Doctor "Do No Harm" In An APS Report

The Hippocratic Oath of doctors to “do no harm” takes on new meaning when a physician has a patient with an ERISA or disability income insurance claim.

Unfortunately, medical schools are not known for giving courses in how to complete an Attending Physician Statement (APS) which will satisfy disability insurance companies, particularly as those companies are notorious for not wanting to be “satisfied”.

The APS is a form generally used by disability insurance companies when asking for medical reports on claimants.

In the real world, doctors get many patients who suffer an injury or illness to their body which then leads to an injury to their ability to earn a living. No matter the actual injury to the body, the loss of ability to earn may have a profound effect on a patient’s ability to recover.

Doctors are by definition busy people. They have always worked hard but find their time for patient care even more limited with the trend in recent years toward more government rules and insurance paperwork. It’s likely this trend will continue.

When a disability income client comes to us, one of the first things we try to learn is if the treating doctors understand the importance of complete, accurate records regarding the client’s condition. An APS must not only accurately describe the medical condition, but must also set forth why, in the doctor’s medical opinion, the condition makes it impossible for the patient to perform job duties.

This part of the APS is known as “restrictions and limitations”. Response to this portion of the APS is crucial to any patient’s disability claim even though it does not involve diagnosis and treatment, the usual subjects of medical reports.

Without the doctor’s clear opinion of what the patient can and cannot do vocationally, the patient’s disability claim is almost certain to be denied.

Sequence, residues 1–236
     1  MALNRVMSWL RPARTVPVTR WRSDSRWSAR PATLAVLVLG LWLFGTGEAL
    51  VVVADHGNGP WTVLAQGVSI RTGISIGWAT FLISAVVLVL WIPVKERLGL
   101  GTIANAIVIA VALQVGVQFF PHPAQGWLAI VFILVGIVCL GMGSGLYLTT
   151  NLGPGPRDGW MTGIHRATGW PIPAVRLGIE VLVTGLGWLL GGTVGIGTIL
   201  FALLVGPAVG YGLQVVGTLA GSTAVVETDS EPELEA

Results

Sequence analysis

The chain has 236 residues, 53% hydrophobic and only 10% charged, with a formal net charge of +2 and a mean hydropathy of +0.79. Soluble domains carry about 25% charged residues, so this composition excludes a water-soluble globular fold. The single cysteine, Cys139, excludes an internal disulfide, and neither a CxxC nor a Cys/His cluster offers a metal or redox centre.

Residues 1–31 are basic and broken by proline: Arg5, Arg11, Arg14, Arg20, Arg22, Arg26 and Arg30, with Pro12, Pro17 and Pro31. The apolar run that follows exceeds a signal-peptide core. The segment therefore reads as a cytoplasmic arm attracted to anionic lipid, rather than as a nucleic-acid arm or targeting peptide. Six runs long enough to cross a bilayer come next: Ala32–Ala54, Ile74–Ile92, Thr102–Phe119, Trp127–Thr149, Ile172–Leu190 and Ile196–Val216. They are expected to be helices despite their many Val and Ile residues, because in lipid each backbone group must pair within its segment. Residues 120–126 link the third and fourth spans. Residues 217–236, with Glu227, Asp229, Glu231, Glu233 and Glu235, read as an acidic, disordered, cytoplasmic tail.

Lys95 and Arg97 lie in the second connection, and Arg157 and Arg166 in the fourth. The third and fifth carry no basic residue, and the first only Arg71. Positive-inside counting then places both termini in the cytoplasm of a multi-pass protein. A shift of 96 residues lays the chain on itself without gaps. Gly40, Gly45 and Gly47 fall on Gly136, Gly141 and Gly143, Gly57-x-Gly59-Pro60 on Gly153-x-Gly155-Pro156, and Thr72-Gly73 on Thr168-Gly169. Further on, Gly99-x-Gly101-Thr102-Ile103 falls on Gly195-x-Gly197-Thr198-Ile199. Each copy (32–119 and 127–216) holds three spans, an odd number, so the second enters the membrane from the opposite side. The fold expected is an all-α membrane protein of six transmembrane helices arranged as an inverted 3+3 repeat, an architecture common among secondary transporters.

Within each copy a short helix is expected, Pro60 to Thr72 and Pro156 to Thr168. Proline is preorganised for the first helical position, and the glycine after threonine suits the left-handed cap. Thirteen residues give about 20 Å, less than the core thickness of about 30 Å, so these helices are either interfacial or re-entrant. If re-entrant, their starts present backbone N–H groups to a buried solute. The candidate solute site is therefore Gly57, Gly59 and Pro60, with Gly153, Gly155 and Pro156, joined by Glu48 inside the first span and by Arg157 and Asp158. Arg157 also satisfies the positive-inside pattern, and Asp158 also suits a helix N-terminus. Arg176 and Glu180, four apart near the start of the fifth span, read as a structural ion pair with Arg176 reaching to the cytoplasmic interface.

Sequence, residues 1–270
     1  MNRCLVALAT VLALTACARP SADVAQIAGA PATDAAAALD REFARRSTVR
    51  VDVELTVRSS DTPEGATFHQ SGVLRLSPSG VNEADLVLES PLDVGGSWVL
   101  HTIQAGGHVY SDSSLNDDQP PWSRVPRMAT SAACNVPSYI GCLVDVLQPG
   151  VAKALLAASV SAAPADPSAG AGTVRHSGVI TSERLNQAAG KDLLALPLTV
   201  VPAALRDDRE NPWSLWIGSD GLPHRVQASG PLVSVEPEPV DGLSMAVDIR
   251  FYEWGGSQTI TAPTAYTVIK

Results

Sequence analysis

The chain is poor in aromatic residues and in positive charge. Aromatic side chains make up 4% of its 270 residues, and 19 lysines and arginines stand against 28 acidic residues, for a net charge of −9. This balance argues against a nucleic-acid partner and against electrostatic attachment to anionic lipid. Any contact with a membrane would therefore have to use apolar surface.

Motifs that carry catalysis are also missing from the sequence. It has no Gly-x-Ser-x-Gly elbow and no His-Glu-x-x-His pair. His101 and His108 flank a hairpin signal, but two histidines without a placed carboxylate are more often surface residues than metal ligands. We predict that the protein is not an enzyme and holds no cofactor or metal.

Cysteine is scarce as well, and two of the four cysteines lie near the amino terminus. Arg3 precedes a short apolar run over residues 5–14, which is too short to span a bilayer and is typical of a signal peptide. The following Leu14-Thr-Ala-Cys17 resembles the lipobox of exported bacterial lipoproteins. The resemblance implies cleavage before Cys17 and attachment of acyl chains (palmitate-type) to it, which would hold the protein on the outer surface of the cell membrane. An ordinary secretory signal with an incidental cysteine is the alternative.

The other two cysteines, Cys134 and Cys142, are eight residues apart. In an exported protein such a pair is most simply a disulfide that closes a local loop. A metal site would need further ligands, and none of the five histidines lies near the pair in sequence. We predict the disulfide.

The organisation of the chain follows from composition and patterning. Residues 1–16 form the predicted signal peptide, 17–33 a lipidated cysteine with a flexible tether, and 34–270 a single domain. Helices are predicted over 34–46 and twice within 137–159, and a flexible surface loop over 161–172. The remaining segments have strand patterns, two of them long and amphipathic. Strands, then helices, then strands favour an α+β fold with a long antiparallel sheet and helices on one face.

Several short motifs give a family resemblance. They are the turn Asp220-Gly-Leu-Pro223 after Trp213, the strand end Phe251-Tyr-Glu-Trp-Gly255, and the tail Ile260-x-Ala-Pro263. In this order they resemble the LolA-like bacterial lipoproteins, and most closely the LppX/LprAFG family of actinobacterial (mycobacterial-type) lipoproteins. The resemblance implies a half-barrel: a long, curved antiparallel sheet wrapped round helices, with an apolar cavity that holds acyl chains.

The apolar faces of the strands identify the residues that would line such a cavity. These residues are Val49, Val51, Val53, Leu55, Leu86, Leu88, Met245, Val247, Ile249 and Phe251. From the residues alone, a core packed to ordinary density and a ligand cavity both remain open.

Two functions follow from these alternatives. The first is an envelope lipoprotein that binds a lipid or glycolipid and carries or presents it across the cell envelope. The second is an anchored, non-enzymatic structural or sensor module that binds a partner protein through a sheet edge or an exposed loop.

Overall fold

Doctors have to know that insurance companies are not in the business of paying benefits if they can avoid doing so. Insurers and their stable of captive physicians try mightily to find any excuse for not paying benefits. They are experts at it.

One of their favorite ploys is to use a shoddy, ill-considered doctor’s record to shoot holes in a claimant’s case. If a patient loses benefits because of a sloppy report, the doctor is actually “doing harm” to the patient, contrary to the oath.

One example: Physicians should not lightly predict when an illness or injury will be alleviated to the point that the patient will be able to go back to work. People heal at varying rates and an average time for healing includes the fastest and the slowest healers.

If a medical report projects an average healing time, but the patient is a slow healer, you can bet the insurance company will not recognize the difference and the patient will suffer.

Just because an APS asks the physician to provide a “return to work” date doesn’t mean the doctor has to provide one unless he or she is certain of the date. It’s OK for the doctor to say, “I don’t know”, because being some time in the future, the “return to work” date is something they really can’t be sure of.

Insurance companies love to lead doctors to believe they should answer the “return to work” question. Then, if it turns out the doctor was mistaken, the company has an excuse to deny benefits to the doctor’s patient. “Do no harm”. If a doctor is not certain, the doctor should say so.

Physicians are trained to “do no harm” in giving patients the best care and treatment. Doctors should also try their best to “do no harm” when writing an APS about a patient with a disability insurance claim.

If called upon to render a report or APS in a disability case, a doctor must do it carefully after fully considering all of the facts involved. For the patient’s sake, it’s important to take the extra time required to be complete and accurate.

A mistake can cost a patient years of benefits needed to feed the family.